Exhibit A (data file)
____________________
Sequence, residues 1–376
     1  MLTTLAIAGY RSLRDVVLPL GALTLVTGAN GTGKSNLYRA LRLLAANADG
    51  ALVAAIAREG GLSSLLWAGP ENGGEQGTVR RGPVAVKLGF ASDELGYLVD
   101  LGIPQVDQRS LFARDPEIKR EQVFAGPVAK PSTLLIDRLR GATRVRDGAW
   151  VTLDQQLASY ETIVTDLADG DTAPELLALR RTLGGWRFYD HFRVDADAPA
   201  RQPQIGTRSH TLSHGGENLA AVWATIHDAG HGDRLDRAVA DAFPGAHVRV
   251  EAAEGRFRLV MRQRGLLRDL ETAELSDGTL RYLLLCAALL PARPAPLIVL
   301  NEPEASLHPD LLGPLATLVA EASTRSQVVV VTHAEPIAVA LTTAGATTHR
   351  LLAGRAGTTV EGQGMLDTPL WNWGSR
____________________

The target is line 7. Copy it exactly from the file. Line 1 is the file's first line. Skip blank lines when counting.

   251  EAAEGRFRLV MRQRGLLRDL ETAELSDGTL RYLLLCAALL PARPAPLIVL